If things fall apart we can easily drop into self-blame:
“If I was more aware or just did more yoga I could have seen this all coming…”
In fact, one of the things I don’t like about the life coaching industry is that it can seem fluffy or superficial.
Or, worse, populated only by wellness experts who never have a bad day or a dream that doesn’t come together.
All of this can end up feeling like a lot of pressure.
One of the things I have learned the past seven years as a coach helping women receive their next level in life, work, and relationships is that a NEW definition of resiliency is a vital ingredient in creating a life that you love. In other words it isn’t about not falling. It is about how you rise to the challenge.
What do I mean by that?
The old definition for resiliency is almost stoic. It is the capacity to GET BACK UP, like a boxing toy that pops up after getting hit, again and again.
The more expansive definition I’m talking about is different.
It is making the choice to look at any difficulty AS A TEACHER rather than just something that knocks you down.
Allowing you to do more than “get back up” and be the SAME but instead to use challenging circumstances as fuel to stretch and to grow into who you are here to be.
So you actually arrive standing BETTER for what you have learned:
More clear about what is really important to you and dedicated to it.
More resourced and aware of how exactly to fuel yourself through fun, pleasure and self-care.
More present to the people, eco-systems and dreams that you love.
Thích Nhất Hạnh has a phase for this, which I love:
“No mud, no lotus.”
Where are you feeling knocked into the mud by life?
How could you use it as fuel to BLOOM?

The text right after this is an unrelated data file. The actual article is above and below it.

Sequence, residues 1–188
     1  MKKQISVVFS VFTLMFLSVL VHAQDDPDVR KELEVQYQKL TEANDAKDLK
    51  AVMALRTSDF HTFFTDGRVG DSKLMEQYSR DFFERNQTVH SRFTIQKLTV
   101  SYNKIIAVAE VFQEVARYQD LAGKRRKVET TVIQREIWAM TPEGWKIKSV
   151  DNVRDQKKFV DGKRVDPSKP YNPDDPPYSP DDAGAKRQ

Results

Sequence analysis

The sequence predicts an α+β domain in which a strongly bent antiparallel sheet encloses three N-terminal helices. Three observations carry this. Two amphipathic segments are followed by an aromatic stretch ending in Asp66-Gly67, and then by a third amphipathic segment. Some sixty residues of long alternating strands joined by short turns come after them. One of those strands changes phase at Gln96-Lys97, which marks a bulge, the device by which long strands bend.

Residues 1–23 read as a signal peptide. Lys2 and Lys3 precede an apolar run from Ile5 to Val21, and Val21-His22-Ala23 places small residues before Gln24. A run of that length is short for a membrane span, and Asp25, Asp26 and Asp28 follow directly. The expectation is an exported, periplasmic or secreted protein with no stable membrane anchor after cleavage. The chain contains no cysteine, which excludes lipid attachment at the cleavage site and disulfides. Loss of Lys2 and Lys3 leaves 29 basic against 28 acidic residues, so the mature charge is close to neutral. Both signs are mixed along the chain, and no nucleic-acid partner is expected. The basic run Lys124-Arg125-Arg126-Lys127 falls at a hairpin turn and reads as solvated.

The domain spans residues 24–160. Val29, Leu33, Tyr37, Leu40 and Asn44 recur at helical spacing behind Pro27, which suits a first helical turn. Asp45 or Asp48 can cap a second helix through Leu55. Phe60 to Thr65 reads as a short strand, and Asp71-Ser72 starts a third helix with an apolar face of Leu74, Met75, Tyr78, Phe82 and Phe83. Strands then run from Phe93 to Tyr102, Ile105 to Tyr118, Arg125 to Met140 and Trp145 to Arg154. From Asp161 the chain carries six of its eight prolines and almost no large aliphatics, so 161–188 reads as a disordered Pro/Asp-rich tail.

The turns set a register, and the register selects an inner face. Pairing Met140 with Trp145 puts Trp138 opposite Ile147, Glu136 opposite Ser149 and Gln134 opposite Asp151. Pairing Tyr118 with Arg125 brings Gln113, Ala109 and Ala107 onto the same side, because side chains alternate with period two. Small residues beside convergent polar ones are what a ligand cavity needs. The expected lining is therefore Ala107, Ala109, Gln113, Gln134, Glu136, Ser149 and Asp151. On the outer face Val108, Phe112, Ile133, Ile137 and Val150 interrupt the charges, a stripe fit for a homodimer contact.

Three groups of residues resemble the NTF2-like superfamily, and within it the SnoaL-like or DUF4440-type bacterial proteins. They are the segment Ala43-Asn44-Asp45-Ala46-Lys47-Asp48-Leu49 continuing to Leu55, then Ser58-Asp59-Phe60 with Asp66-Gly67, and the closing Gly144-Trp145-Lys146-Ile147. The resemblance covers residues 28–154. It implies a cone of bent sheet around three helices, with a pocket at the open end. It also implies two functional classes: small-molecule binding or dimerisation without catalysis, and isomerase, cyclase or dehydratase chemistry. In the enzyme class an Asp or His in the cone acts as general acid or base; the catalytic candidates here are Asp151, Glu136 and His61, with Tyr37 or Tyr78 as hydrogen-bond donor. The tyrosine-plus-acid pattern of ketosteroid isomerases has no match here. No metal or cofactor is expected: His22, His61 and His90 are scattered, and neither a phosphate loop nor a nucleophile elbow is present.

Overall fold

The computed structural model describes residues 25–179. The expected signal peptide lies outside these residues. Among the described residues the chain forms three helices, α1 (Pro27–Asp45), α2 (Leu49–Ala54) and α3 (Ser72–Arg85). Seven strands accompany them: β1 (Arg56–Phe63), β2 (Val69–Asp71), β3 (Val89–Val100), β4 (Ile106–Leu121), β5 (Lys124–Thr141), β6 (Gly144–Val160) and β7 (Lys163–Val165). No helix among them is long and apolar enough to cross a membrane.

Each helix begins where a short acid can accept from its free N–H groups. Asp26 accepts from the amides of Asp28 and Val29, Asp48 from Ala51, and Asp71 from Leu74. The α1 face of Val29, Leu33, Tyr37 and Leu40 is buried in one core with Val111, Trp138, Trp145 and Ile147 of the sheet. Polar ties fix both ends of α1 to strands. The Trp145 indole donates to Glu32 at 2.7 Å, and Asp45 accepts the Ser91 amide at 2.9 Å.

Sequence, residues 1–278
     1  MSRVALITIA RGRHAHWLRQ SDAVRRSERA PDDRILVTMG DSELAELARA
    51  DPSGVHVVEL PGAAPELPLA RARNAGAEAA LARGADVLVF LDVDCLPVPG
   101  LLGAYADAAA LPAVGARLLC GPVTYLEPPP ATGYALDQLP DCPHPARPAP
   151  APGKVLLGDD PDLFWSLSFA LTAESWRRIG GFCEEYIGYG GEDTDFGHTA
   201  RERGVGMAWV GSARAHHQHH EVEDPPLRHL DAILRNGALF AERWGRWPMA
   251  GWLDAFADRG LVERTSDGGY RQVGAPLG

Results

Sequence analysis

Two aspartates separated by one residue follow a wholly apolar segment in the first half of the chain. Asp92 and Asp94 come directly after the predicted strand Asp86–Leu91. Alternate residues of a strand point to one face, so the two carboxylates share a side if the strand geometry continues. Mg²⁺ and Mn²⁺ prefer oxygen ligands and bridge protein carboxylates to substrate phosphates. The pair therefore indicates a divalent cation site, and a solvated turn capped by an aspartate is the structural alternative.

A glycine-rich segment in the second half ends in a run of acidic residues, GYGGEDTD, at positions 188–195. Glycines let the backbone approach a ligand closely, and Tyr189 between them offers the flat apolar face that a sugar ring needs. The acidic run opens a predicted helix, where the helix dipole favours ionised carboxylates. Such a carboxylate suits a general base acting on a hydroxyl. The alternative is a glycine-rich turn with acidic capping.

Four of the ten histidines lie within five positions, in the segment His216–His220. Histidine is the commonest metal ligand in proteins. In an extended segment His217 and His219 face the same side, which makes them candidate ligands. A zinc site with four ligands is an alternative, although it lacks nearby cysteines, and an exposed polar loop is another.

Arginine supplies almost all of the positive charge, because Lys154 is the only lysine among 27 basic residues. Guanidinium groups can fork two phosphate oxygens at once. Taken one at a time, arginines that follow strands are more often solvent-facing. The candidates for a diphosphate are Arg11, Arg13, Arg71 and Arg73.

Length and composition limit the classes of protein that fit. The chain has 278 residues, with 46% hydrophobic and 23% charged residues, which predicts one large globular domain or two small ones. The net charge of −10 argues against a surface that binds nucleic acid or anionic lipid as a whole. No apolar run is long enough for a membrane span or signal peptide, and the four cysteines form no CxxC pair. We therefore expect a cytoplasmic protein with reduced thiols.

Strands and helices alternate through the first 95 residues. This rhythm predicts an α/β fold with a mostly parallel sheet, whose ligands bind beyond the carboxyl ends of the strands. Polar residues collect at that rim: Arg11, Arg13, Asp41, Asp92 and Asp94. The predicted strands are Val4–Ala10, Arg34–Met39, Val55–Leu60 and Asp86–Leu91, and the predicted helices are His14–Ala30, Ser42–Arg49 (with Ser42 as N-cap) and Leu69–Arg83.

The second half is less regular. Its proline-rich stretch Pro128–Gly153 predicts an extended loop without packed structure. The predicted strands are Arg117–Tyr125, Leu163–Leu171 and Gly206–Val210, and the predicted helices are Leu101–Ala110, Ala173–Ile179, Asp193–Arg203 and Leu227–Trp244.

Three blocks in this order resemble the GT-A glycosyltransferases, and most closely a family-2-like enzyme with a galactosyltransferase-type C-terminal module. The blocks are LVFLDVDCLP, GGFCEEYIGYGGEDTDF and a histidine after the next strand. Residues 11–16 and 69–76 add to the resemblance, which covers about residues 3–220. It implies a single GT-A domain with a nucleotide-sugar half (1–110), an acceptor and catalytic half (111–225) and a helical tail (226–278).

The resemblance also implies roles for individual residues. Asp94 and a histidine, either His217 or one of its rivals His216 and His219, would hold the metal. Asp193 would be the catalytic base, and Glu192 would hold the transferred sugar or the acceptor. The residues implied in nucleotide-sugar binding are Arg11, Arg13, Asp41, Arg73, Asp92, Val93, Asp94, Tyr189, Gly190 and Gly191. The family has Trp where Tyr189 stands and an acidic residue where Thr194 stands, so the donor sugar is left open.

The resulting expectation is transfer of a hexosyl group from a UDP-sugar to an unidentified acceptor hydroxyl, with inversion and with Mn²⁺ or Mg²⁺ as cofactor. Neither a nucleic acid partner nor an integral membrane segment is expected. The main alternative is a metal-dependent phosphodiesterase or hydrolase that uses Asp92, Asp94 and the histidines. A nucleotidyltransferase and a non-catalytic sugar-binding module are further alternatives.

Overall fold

PS If you would like support navigating a current challenge I would love to help! I am offering a handful of *free* Flourish Design Calls this week and next. You can read more and schedule your call here.
Courtney Pinkerton, M.Div & M.PP, is a holistic life coach and the founder of Bird in Hand Coaching. She holds dual master's degrees from Harvard Divinity School and Harvard Kennedy School and is the author of The Flourish Formula: An Overachiever's Guide to Slowing Down and Accomplishing More and creator of the 8-Step Flourish Coaching Program. Courtney helps busy women unlock their greatest gifts and thrive in their personal lives. In the summer of 2017 she followed a long time dream and moved to Nicaragua with her husband Richard Amory (they met in Nicaragua in the Peace Corps) and their three children where together they are exploring volcanic islands, colonial cities and beaches. They have made their home in Granada where they are being tutored by their neighbors in the art of slowing down and living more. Interested to learn more? Each month Courtney offers a handful of complimentary Flourish Assessment Calls for new or potential clients. You can schedule one here.
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